Ben Lindquist, whose charter school experience ranges from working in philanthropy to founding a school network and funding expansion of successful models, has been named the next president of the Colorado League of Charter Schools.
Lindquist, 42, will start June 1, the league announced Monday. He is leaving a job as a program director with the Waukesha, Wisconsin-based Kern Family Foundation.
Lindquist previously worked for nine years in Colorado, including as a program officer for the Walton Family Foundation. (The foundation provides financial support for Chalkbeat). He also worked on the founding team of the Charter School Growth Fund, a nonprofit venture philanthropy fund that supports the expansion of high-performing charter schools.
In 2010, Lindquist left Colorado to launch and lead Exalt Education, a Little Rock, Ark.-based network of charter schools with four campuses in Arkansas and Oregon.
Jay Cerny, principal and CEO of Cherry Creek Academy and chairman of the league’s board, in an email announcing the hire credited Lindquist’s experience “driving systemic improvement with a focus on transforming education for underserved populations and communities.”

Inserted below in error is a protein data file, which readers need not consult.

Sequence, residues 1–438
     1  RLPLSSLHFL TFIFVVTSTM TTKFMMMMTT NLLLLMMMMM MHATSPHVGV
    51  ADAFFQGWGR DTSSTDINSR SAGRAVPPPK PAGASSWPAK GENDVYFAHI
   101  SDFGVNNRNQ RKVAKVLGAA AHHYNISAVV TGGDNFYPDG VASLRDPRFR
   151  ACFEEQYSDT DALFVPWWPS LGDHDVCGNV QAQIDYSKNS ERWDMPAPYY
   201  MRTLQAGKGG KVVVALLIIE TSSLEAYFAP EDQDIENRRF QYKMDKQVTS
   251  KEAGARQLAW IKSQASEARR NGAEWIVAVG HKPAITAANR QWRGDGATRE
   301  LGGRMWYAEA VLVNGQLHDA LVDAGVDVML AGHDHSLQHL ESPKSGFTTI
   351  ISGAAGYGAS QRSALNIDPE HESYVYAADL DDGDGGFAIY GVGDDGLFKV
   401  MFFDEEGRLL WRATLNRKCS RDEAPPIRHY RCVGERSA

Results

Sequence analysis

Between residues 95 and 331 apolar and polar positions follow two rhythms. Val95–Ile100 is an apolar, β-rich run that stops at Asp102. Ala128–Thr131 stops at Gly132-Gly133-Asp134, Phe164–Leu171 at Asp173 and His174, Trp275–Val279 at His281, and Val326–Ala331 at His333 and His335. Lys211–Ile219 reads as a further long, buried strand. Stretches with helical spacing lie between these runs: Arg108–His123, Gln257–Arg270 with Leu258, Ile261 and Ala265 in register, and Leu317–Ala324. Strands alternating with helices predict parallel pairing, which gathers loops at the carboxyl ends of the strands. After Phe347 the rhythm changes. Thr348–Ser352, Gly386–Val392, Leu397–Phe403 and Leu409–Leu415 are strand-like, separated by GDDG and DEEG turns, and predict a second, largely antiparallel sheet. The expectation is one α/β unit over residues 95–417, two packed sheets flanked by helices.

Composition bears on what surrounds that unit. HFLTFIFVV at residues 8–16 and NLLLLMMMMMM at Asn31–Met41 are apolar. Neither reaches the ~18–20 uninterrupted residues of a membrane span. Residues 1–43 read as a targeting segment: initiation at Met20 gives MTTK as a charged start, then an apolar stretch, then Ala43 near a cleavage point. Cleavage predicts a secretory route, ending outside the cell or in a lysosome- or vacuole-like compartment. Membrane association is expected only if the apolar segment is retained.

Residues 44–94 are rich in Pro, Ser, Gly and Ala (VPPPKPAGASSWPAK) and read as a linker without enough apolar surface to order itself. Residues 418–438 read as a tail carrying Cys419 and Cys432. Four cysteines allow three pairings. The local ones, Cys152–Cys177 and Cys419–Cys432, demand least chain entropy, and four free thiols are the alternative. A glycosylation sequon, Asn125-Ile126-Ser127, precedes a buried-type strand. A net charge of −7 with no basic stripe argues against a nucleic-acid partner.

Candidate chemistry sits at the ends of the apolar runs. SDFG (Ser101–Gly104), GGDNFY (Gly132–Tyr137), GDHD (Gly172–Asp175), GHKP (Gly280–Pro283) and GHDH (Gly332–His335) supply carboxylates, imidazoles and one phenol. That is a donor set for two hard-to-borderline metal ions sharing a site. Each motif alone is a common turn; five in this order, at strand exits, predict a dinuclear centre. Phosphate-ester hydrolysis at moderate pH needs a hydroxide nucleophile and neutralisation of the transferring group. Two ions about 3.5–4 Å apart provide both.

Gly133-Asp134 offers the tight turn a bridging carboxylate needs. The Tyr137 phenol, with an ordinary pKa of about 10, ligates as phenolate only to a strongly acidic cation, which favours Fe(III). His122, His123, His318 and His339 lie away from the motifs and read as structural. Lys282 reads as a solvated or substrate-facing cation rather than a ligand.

In an interview with Chalkbeat, Lindquist cited a number of priorities he intends to focus on, including encouraging members to “set a high bar for excellence” to serve a growing population of students with diverse needs in different settings.
Lindquist said during the era of No Child Left Behind — the federal education law ushered in during the President George W. Bush administration — the definition of quality narrowed. With so much focus on boosting scores on standardized tests, schools emphasized proficiency in math and English so much that in many cases schools eliminated civics, social studies, science, music and art, he said.
“We have to continue to have the basics of literacy and numeracy be a priority for students,” Lindquist said. “It remains a bedrock. But I think our view of quality has really broadened.”
The league advocates for charter school causes at the statehouse, and pushing for more equitable funding will continue to be a top priority, Lindquist said.
With just three days remaining in the session, lawmakers this year have yet to resolve the question of whether school districts should be required to share revenue from local taxes increases with charters.
Lindquist said he also hopes the league can play a stronger role in lifting the quality of charter schools that reside in “the great middle” between the high and low performers. He said charter authorizers have been more aggressive in closing failing schools, so policing low-quality operators is not as much of a concern.
“What the league can do is help good schools become excellent,” he said. “That is where our attention needs to be.”
Lindquist will replace Nora Flood, who left the league last year to launch a new program of the Walton Family Foundation.